NORTHWEST ARKANSAS (KNWA/KFTA) — Having a baby has become a very different experience during the coronavirus crisis.
Loved ones are not waiting in the hospital lobby with flowers to meet the newborns at this time. Many hospitals are limiting the number of visitors to reduce the chances of spreading the coronavirus.
Coming in at 8lbs 14 ounces, Parker David Passmore was born May 20th at Washington Regional in Fayetteville.
“Everyone was wearing a mask everywhere. I had to push with a mask on my face so that was crazy I didn’t imagine doing that,” said Natalie Passmore a new mom.
She was only allowed one visitor during her delivery and stay at the hospital and she chose her husband.
“It needs to be the same visitor the entire time that the patient is in the hospital. the visitor is allowed to leave the hospital once a day,” said OB/GYN Mary Pat Hardman with Washington Regional.
Hardman said that for a typical vaginal birth the stay is about 48 hours and up to 72 hours for c-sections. They provide meals throughout the day to make the stay is easier for visitors.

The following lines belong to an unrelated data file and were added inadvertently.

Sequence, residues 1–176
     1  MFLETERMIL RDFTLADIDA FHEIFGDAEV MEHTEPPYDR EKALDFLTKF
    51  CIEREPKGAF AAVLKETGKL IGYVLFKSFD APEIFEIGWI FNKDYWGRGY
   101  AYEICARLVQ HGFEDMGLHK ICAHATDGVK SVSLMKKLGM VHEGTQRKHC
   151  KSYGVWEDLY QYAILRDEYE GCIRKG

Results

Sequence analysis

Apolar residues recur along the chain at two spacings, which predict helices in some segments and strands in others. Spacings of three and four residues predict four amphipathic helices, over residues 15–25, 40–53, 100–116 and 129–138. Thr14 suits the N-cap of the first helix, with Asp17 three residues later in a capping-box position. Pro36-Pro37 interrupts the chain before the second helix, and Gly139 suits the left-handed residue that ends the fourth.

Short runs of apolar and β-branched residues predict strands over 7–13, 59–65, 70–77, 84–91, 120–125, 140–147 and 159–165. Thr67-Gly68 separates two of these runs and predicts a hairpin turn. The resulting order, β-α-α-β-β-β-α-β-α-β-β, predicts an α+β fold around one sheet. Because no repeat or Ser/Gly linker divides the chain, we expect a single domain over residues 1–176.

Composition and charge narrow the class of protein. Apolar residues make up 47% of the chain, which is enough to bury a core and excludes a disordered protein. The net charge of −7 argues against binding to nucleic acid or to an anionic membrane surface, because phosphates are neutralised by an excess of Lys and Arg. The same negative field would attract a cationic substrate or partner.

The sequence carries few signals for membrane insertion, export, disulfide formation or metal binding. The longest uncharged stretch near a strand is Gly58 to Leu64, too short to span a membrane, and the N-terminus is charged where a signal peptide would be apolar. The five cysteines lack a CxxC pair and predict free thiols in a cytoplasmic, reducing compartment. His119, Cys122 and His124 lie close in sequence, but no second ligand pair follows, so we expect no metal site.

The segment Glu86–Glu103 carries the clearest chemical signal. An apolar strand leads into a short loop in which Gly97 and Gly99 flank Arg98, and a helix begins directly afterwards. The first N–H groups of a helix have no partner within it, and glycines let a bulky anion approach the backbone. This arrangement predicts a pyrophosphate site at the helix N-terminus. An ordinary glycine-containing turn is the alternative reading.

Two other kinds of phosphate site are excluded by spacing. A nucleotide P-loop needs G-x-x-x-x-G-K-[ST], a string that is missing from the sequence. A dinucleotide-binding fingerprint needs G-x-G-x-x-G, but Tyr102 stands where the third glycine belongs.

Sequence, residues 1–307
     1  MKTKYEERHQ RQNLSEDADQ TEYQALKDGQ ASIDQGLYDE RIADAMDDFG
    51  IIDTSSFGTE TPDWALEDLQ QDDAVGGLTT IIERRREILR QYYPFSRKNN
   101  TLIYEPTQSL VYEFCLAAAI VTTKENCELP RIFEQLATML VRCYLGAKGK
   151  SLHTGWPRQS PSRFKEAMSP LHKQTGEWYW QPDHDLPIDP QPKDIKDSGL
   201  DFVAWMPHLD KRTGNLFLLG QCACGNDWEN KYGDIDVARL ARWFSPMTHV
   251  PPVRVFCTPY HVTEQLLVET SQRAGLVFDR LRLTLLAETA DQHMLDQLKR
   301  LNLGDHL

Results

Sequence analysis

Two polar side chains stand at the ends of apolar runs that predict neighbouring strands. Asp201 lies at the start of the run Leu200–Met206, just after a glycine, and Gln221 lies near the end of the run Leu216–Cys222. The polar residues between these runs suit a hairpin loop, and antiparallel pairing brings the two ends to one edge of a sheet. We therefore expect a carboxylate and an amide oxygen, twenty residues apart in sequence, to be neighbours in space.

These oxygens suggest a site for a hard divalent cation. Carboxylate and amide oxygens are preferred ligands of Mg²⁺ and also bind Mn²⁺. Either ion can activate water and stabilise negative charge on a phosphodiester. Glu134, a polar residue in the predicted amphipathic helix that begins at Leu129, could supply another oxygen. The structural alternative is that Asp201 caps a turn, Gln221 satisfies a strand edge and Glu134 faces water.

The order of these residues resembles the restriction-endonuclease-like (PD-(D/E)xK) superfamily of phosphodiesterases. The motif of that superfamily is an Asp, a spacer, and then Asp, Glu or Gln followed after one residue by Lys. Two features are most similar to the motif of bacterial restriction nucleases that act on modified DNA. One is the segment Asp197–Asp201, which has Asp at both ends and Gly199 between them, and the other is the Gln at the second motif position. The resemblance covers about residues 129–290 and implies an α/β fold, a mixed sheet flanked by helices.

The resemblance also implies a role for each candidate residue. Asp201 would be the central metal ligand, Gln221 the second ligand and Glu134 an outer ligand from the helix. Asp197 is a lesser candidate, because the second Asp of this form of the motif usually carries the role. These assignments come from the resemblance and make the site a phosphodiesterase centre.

At Mercy hospital, new moms can only have one support person the entire time, who is screened and registered. If that person leaves the hospital at any point they won’t be able to return.
Chief Administrator Juli McWhorter at Willow Creek’s Women’s hospital with Northwest Health said only a certified doula can be added as a second visitor.
“That is an important aspect of the health care team and they can also been seen as that emotional support,” said McWhorter.
Testing for the virus before delivery is also part of the safety measures.
“I had to have a COVID test Monday prior to being induced on Wednesday because it’s a procedure and they are requiring everyone to be tested before a procedure.
Even though people couldn’t visit Passmore, she found other ways to introduce everyone to Parker.
“We actually facetime many of our friends and family in the hospital so instead of them coming to the hospital and getting to see him in person we just did it virtually.”
“They do appreciate the special bond they get to have that first day or two when it is just them and their spouse or their significant other and they get to just bond with that baby,” said McWhorter.
In all cases, if the baby needs to be taken to the NICU both parents are allowed to visit.